As such, I question whether it is the right thing to recommend to someone who is used to IE, and has not yet figured out how to upgrade to a recent version of Firefox.
Firefox is now a very well established browser, stable, and widely used by non-techies. Your old version should still work, but it will be more secure and stable if you get teh latest version (and keep it updated).
Chrome would probably do too. It is also now pretty well established and stable, although most of its regular users seem to be the kind of people who get passionate about shaving a few milliseconds off page rendering times.
It’s target is silly. It’s really just Firefox with a bunch of other programs built in. It’s only for techies in the sense that they are one of the few groups of people who still use the other programs, such as non-webbased email.
Still, I agree that SeaMonkey is not the way to go, if only because it’s non-mainstream. I’d just go with Firefox first. Uninstall Firefox 3, choosing to delete your old settings, and then go get Firefox 5, starting fresh (which will make sure you don’t run into problems upgrading). It will then offer to import your Favorites for you. Then go get a few addons, use Firefox for a week or so. Then, if you aren’t completely satisfied, go download Chrome (which should also import your Favorites or your Firefox Bookmarks), and use it for a week to compare. Then go with the one you like better: faster (Chrome) or more features (Firefox).
Oh, and the answers to your other two questions is that modern well-made web browsers do not cost money.
*Now that Mozilla has finally fixed addons to automatically update to the latest version of Firefox, there’s really no reason to stay with Firefox 3 unless you have a must-have addon that you know will never be Firefox 4+ compatible. And, seeing as you are coming from IE, I seriously doubt that’s you.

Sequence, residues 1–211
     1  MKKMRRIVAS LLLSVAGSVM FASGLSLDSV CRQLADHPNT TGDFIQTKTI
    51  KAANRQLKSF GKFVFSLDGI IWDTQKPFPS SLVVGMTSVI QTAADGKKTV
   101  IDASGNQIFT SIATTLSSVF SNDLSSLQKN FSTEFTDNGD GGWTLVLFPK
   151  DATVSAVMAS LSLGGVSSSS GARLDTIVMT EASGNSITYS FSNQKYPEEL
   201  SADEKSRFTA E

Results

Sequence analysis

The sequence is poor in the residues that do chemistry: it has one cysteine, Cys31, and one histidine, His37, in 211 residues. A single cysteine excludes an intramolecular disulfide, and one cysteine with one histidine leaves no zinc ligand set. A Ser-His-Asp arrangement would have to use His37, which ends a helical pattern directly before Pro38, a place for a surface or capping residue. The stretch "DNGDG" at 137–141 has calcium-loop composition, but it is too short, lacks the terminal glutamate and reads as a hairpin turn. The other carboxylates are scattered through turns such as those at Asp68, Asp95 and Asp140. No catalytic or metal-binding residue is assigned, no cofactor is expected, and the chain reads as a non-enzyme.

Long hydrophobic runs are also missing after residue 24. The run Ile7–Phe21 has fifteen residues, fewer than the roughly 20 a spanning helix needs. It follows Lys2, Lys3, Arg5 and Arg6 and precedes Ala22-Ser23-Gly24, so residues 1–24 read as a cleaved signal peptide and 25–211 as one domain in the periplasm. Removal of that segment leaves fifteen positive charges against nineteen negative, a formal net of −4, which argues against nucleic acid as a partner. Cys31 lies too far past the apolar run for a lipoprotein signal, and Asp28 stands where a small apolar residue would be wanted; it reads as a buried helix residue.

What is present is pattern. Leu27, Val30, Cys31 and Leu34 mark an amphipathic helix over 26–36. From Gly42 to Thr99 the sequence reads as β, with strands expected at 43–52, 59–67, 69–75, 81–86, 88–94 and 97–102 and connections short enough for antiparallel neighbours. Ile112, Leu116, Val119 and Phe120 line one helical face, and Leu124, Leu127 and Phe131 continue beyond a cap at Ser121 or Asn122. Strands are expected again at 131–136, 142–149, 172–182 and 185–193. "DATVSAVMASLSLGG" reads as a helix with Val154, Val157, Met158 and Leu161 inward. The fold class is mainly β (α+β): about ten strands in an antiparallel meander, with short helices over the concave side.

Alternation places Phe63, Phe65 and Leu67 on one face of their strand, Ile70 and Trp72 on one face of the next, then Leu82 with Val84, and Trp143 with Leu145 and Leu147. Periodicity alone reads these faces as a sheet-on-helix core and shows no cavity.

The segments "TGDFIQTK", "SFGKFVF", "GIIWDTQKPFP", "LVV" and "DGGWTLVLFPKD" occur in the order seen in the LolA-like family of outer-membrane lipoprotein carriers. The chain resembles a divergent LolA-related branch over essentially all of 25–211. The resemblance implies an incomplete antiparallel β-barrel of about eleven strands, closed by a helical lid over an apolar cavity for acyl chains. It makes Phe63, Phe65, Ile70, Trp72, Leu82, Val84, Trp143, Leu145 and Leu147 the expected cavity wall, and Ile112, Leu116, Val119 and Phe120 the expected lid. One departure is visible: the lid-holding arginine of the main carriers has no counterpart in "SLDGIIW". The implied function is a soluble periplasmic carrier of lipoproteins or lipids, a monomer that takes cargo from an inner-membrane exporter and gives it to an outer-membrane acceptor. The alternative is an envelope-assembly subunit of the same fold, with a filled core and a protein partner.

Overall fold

If you choose Firefox, go into the add-ons menu (it’s one of the options when you click the Firefox button in the top left corner) and find and install Adblock Plus. You will find the internet to be a much smoother, more pleasant place after. The add-on is free and takes about two seconds to install. After it installs, you restart Firefox and choose which ad blocking list you want to use (usually Easylist or another English one). After that you won’t see ads anymore.
That’s my setup since 4-5 years back and I did not have any troubles so far, when sometimes I have the chance of using somebody’s PC, I am always surprised how many of this users are putting up with the s… from all this websites. With AdblockPlus and NoScript, I have no advertisement and Non Script is easy to use and is a very good defence against malicious code.
I don’t think there are any browsers left that cost money, period. Unless you consider the “cost” of upgrading the OS to a version that supports the browser. (That is, upgrading to Windows 7 to get IE9 or upgrading OS X to get a newer Safari version.)
Browsers are funded (indirectly) by internet advertising. The default search provider for the browser gives the maker kickbacks, which are used to fund development. Mozilla, makers of Firefox, are a non-profit corporation. Chrome is obviously funded by Google, and Safari and Internet Explorer are considered operating system components by Apple and Microsoft, respectively. (IE also brings in the dough, especially versions that default to MSN as the homepage. I dunno about Safari.)
BTW, if you do install AdBlock Plus, be sure to be kind to useful websites that are advertiser-funded. For example, this one.
The OP is a paid member, so he shouldn’t see ads even without ad blocking software. As for funding, the Mozilla foundation makes a lot of money from the referrals to Google, due to the Google search window in the upper right-hand corner of the screen. I think they get something in the tens of millions from Google.
Paying for membership is a great way to “be nice” to a site that is nominally ad-supported. What I object to is people who just turn on AdBlock Plus for every single site, and never give back to the site owners.
But anyway, I’m not you conscience, do what you think is right.